Source: The Edge
The Federation of Malaysian Manufacturers (FMM) has applauded the government for tabling a "comprehensive and pragmatic" Mid-Term Review of the 11th Malaysia Plan, but hopes proposals to increase government revenue as part of fiscal consolidation would not lead to additional and unnecessary regulatory burden to the manufacturing sector.
"FMM strongly believes that the Malaysian manufacturing sector can contribute significantly towards helping to achieve the macro strategies of productivity, investments, moving up the value-chain and strengthening exports," FMM said in a statement today.
"The manufacturing sector has always been the main catalyst of growth with extensive upstream and downstream linkages throughout the value chain," said the federation, which represents over 10,000 companies in the manufacturing supply chain.
"The government should therefore support the manufacturing sector by ensuring a business-friendly operating and investment environment through the reduction of unnecessary regulatory burden and costs, and a more level playing field to facilitate fair and open competition and access to market opportunities," said FMM president Datuk Soh Thian Lai.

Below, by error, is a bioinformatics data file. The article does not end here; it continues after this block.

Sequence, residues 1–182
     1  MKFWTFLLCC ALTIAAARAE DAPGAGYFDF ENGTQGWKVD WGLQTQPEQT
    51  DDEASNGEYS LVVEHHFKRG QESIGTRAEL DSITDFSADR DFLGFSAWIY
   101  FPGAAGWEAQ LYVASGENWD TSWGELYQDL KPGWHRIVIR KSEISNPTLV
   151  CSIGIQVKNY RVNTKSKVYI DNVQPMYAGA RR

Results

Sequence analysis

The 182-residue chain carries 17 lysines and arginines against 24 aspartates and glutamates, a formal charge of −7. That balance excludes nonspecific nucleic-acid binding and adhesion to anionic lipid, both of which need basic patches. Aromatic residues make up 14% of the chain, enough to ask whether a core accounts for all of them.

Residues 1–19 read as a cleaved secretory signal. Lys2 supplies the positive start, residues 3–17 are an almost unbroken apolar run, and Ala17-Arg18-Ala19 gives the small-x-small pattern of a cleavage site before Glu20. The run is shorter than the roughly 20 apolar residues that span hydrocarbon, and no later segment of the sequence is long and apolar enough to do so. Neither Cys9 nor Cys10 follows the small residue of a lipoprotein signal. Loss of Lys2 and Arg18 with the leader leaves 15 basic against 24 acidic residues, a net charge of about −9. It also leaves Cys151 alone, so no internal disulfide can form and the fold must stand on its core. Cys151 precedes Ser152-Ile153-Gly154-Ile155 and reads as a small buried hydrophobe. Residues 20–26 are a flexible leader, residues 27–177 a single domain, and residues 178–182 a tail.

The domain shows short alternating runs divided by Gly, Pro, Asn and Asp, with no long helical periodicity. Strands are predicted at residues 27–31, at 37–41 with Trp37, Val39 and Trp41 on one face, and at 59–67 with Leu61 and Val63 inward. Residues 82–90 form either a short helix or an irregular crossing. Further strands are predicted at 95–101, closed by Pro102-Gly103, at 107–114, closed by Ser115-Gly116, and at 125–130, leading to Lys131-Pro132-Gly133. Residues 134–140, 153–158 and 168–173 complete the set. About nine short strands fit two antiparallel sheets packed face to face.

Soh, who is also executive deputy chairman of steel company YKGI Holdings Bhd, said the priority should be to support and promote the expansion of the economic pie to enable the reaping of higher returns to enhance business sustainability and, more importantly, medium- and long-term growth.
FMM added that the country's existing tax incentives such as the Reinvestment Allowance, Accelerated Capital Allowance, double deduction incentives for R&D, and export growth should be enhanced to help facilitate and spur the manufacturing sector to quickly undertake upgrading, expansion and diversification activities, including investing in Industry 4.0 technologies and innovation to achieve higher productivity and value-add.
The federation also said it looks forward to close and regular engagement with government, especially over matters on human capital development.
"We hope to see critical market-based levers, namely simple and transparent criteria; planned and pre-announced changes, especially in levy rates; removal of discretionary approvals, bureaucracy inconsistencies in policy implementation as well as rent seeking activities; and incentives to reward businesses which have reduced their dependence on foreign workers and unskilled labour.
"Levy collected should also be ploughed back to help finance industry's investments in automation and productivity enhancements," it added.